I’ve been EXTREMELY lucky in my 32 years with Type 1 that I have never needed a glucagon injection. I’m fortunate to feel lows coming on pretty quickly, and the lowest I’ve been is 45. My concern is that I don’t feel them coming on quite as early as I did in the past, and I feel I and my husband need to be prepared to use it at some point and we’re going to watch some videos together on it. I know it should be refrigerated, but I usually keep one right at the front of my diabetes supplies shelf so my husband could grab it if needed. Does it lose stability after a particular amount of time, or does it still work?
That is a good question Angie, something I wondered about. Over the past 58 years I’ve purchased several of these “fire extinguisher” kits only to discard then when they went well beyond the quoted expiration date. Although I’ve had BG readings in the 20s no one has had to use glucagon to help me respond – until 2 years ago, after my wife disposed of my remaining glucagon kits she had to call EMS to revive me.
Much like you, during more than 50 years with T1D I’d feel lows coming on and take appropriate action; now the lows tend to sneak yp unannounced. I should probably yield to progress and venture into CGM. And hopefully this year Congress will order the Medicare administrators to honor commitments and provide at least partial coverage for CGM.
I apologize for venturing into politics on this site.
Thanks, Dennis. I too wish CGM were covered for seniors…in fact I saw they just started a Facebook group called “Seniors with sensors” to try to advocate for this, so you might want to check it out! I have the Enlite CGM but have had dreadful luck with it, unfortunately. About 2/3 of my sensors poop out on me due to weak signals and lost sensors, and dozens of troubleshooting calls and appointments with MM have not helped. I’m not thin, but apparently too muscular to avoid kinking the filament, no matter where I put it on my body. I know they’re working on some other options, similar to a range of infusion sets, but it can’t come soon enough. Maybe your endo can arrange with MM to let you try out the CGM for a few days to see how it works before you invest the money.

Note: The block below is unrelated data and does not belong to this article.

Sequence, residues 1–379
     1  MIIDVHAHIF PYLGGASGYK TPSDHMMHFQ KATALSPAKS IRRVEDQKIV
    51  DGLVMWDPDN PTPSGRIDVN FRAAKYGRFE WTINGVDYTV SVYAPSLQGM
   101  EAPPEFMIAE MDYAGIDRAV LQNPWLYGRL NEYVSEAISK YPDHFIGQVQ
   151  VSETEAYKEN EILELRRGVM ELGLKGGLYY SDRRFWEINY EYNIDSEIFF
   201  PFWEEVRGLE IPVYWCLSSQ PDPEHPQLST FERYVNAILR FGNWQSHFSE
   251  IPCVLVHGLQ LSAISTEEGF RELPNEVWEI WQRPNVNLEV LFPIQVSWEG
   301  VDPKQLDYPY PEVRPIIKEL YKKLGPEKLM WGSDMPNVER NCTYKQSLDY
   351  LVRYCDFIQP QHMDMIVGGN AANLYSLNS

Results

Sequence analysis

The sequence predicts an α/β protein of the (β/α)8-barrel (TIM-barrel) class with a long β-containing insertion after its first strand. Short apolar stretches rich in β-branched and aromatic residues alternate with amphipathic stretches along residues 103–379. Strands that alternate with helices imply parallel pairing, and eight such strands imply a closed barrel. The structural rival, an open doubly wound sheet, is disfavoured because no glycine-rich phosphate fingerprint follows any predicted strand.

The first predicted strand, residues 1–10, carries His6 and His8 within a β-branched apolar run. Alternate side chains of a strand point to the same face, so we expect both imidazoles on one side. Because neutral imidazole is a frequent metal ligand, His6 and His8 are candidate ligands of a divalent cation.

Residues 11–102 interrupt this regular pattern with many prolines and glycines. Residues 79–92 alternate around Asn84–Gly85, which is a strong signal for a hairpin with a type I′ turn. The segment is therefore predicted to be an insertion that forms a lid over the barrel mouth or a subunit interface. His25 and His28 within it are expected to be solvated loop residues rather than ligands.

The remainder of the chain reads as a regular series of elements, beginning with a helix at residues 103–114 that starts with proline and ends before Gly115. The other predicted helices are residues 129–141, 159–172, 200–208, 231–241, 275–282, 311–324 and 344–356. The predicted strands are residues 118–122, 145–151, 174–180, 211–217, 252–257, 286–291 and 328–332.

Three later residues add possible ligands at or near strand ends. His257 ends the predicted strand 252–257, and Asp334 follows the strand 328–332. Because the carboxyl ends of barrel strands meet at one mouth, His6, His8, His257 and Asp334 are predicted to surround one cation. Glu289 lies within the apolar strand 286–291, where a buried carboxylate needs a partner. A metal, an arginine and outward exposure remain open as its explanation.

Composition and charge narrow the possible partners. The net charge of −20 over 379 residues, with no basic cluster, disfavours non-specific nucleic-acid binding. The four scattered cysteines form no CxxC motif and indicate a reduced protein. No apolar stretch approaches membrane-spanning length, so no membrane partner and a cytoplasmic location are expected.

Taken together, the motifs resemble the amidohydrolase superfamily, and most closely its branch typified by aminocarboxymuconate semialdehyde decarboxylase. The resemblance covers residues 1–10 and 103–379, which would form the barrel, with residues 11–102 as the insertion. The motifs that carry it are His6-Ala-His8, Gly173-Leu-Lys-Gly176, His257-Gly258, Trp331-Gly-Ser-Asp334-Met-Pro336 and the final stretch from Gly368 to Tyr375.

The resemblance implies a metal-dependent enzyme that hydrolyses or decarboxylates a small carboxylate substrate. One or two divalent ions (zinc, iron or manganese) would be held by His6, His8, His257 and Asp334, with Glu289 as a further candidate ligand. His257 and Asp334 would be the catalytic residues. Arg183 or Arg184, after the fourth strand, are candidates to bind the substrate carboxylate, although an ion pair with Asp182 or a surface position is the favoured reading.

every glucagon kit I ever saw was a lyophilized powder and a small vial of what I would guess is water and buffer. I am pretty sure it is stored at room temp and could last a year…or more. The lyo powder form would keep the hormone fairly stable for a minimum of a year. I would guess the vial has a better chance of losing sterility over time. sorry I don’t have better information.
Thanks, Joe…they are just so god-awful expensive that I don’t want to pitch them and keep getting new ones, especially since I haven’t even had to use one yet. My insurance covers a little bit of them, but they consider it a “non-essential” (luxury???) item. It’s like they consider it our fault when we go low so we should be punished by having to pay for it. (sigh)
it may be worthy of an appeal. it’s arguable that glucagon is as necessary as an epi pen would be for anaphylaxis. i am starting to hate insurance companies. With the artificial pancreas project there will be some incentive to make cheaper formulations of glucagon, so maybe it won’t be like this forever.
I see this thread is 6 months old but it has some significance to what I experienced today so I thought I would reply, better late than never, right? 🙂 I have been waiting for weeks to find out if my insurance company was going to approve a pump and a CGM. I found out today that they approved the pump but denied the CGM because I haven’t had severe enough hypos, which seems ridiculous to me. I would like to see their criteria, or have them give me a reason why they even have criteria for T1 patients besides saving some coin. It seems like they would save money in the long run by just approving it so their patients can better manage their diabetes and have less (expensive) complications in the future.
I am going to talk to my Endo & pump specialist on Monday to see about appealing this decision. If my insurance company still denies it then I might try contacting Dexcom directly to see if they have some kind of cost reduction plan. Worst case scenario I just pony up the cash to pay for the whole thing myself.
Though, unlike your experience, my insurance had no problem covering a glucagon kit.
Has anyone else had this problem with insurance denying your CGM request? If so, what did you do?
I too am late answering this post – unfortunately you do have to replace the glucagon kit every year when it expires (and yes it is crazy expensive). One thing I have found is if you keep glucose gel (even cake frosting would work) those are very fast acting carbs and can be rubbed on your gums if you are not responsive with out your need to swallow or choke.
As far as a CGM request – My doctor had me wear a blind CGM from his office for 2 weeks and submitted the data – got my CGM approved with no problem when he was able to show the variablility with my blood sugars and lows that I was not even aware of at night.
Hope that helps.